An imaginary memo on Syria

An imaginary memo on Syria

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War departments across many powerful nations have developed superior strategic and analytical units whose work entitles their Generals to a sort of an Aladdin Lamp if you wish. No, there is no rubbing here, but there is plenty of excruciatingly difficult problems to solve in order to foresee the future.

From one of those countries, this imaginary memo was circulated recently to describe what might happen in Syria and in particular what role Assad is playing today to keep the Syrian civil war going. To protect the innocent, I have taken the liberty to edit the content of the memo to avoid the mentioning of any names or acronyms associated with a department or a system. The crux of the memo follows.

?So far, [edited] has succeeded in infiltrating both the Assad regime higher echelons of power to include Command and Control as well as the Syrians AQ elements fighting on the ground. Our assessment is as follows:

?Assad thinks this war is winnable. His knowledge periphery is partially blocked by an effective psychological warfare that [edited] has, with the help of [edited} carried out with great success. We have reason to believe that every time Assad makes a war decision, his is based on partially disjointed information the Iranians and the Russians seem at odds in understanding?.

The memo goes further into the pressure Assad is feeling from a war he continues to think he is winning.

?Assad and his entourage are under constant pressure to yield momentous battle results. This has created a cooker-pressure environment and resulted in Assad calling too quickly the small battles his armies waged and won as if his regime won the whole war. Even when his losses mount in other parts of the country. In reality, the Assad regime, with the Iranians backing him to the hilt, find themselves playing catch-up on too many fronts.?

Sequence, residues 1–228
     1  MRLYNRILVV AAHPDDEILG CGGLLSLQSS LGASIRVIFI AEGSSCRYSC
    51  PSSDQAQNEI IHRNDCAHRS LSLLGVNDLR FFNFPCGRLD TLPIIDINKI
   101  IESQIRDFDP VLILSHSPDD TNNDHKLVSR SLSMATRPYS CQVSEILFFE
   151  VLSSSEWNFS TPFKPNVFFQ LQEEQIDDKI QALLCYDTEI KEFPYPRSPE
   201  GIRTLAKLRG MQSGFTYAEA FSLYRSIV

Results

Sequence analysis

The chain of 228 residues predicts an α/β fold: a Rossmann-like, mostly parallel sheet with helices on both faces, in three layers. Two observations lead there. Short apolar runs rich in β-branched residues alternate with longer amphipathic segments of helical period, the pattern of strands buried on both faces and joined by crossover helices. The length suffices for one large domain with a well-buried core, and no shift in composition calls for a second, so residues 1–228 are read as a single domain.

?It is imperative for Assad to continue to believe that just another battle will be decisive enough to win the whole war just as much it is important for the Syrian opposition to believe military aid is coming their way. In Assad chasing his tail, the strategy in place will drain Iran economically and psychologically in a process [edited} hopes to begin to weaken the country. In fact, Syria for Iran today has become what Afghanistan was for the Soviet Union in the eighties?.

?Furthermore, arming the rebels on the basis of diminishing the capabilities of Assad without harming the morale of his armies must remain a focal point in Syria. The balance between one?s army morale and the other army?s fighting spirit must be maintained in order to achieve the long-term goals of breaking Iran?s military and economic will; and the more Assad claims a ?turning point? in Syria?s civil war in his favor, the better will be the standing of all the [Edited] with regard to negotiations with [Edited}?s?.

?Assad must always think he can win this war in order to escalate downward to his supporting troops and militants the notion of hope. Without it, conspiracies from within the inner circles of the Alawite security apparatuses will hatch to replace Assad with a more realistic figure who may negotiate a settlement to the war, something [edited], [edited], and the services of [edited] believe is not in our best strategic and geo-political interests. So far Assad has complied with our wishes and his supporters remain intellectually and physically drowned in the details of survival and vengeance, which suits the purposes of the strategic interests of [edited]?.

?Furthermore, the fact that Saudi Arabia has bought into this strategy and has committed to its success has helped quiet the Sunni front and has helped [edited] to concentrate on Iran rather than on a Sunni-Shia divide?.

The imaginary memo goes into other details about who Assad?s replacements might be if the Alawite community awakens to the trappings of [edited}. Most of the names were unfamiliar, which leads me to believe Syria?s war will only end when Iran?s economy is drained and its meddling in foreign lands take its toll on the Iranian masses.


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